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Pardshaw Quaker Meeting House, stable and schoolroom and walls to burial ground

A Grade II* Listed Building in Dean, Cumbria

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Latitude: 54.6164 / 54°36'58"N

Longitude: -3.3893 / 3°23'21"W

OS Eastings: 310378

OS Northings: 525466

OS Grid: NY103254

Mapcode National: GBR 4HS1.0Y

Mapcode Global: WH702.X76C

Plus Code: 9C6RJJ86+G7

Entry Name: Pardshaw Quaker Meeting House, stable and schoolroom and walls to burial ground

Listing Date: 3 March 1967

Last Amended: 8 May 2019

Grade: II*

Source: Historic England

Source ID: 1326883

English Heritage Legacy ID: 72642

Location: Dean, Allerdale, Cumbria, CA13

County: Cumbria

Civil Parish: Dean

Traditional County: Cumberland

Lieutenancy Area (Ceremonial County): Cumbria

Church of England Parish: Dean St Oswald

Church of England Diocese: Carlisle

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Quaker meeting house and burial ground walls, 1729; stable, 1731 and school, 1745. Minor C20 alterations.


Quaker meeting house and burial ground walls, 1729; stable, 1731 and school, 1745. Minor C20 alterations.

MATERIALS: the meeting house and stable/school are of sandstone rubble finished in lime-wash, with dressed stone details under a graduated Cumbrian Greenslate roofs (there is a section of modern Cumbrian slate to the stable). Cast-iron rainwater goods to the meeting house and a rebuilt brick chimney stack to the school/stable. The burial ground walls are of sandstone rubble.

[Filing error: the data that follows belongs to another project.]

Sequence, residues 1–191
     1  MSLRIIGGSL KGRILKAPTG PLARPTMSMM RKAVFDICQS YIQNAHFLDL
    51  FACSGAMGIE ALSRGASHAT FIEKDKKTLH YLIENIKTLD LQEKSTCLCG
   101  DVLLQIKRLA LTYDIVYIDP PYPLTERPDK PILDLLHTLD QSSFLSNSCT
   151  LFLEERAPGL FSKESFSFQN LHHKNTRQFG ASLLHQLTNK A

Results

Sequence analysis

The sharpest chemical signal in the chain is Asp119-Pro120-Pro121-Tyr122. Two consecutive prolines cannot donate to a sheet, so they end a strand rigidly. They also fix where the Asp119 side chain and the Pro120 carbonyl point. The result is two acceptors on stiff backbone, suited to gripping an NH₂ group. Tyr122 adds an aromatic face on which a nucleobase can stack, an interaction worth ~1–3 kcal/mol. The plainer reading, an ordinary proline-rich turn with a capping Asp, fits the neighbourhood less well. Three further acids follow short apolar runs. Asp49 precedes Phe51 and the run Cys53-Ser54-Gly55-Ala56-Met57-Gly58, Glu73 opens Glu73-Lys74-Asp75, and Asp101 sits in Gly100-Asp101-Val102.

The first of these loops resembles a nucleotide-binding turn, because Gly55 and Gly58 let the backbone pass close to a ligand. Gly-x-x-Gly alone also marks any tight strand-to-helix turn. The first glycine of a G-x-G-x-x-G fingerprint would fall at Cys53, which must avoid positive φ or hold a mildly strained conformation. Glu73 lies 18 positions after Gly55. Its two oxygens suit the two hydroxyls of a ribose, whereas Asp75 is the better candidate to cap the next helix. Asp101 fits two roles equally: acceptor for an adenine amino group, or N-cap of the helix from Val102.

PLAN: a rectangular sloping plan set to the south-east of the village street. An L-shaped meeting house occupies the south-east corner comprising a large gabled meeting room with a smaller gabled meeting room attached to its rear, and a porch set in the west angle between the two ranges. An adjacent stable and school range comprising a detached L-shaped stable and a detached rectangular school linked by a rectangular covered passage. There are attached burial ground walls defining three sides of a rectangle.


MEETING HOUSE: a detached single-storey building beneath a steeply-pitched roof with a single gable chimneystack. All window and door openings have plain, painted stone surrounds. The north elevation has five renewed eight-pane sash and casement windows, the central one originally the main entrance to the large meeting room. The right gabled return has a pair of eight-pane fixed windows to the ground floor and a small window above within a chamfered surround; within the lean-to porch extension there is a wide entrance fitted with double plank doors. Further to the right and set back are a pair of windows each with 18 panes, the left hand sash window is original with thick glazing bars, the right hand window is a fixed modern replacement. The left gabled return is largely blind, but beyond this are a pair of two-light mullioned windows (possibly incorporating stone from the first meeting house) lighting the small meeting room. The rear elevation is blind.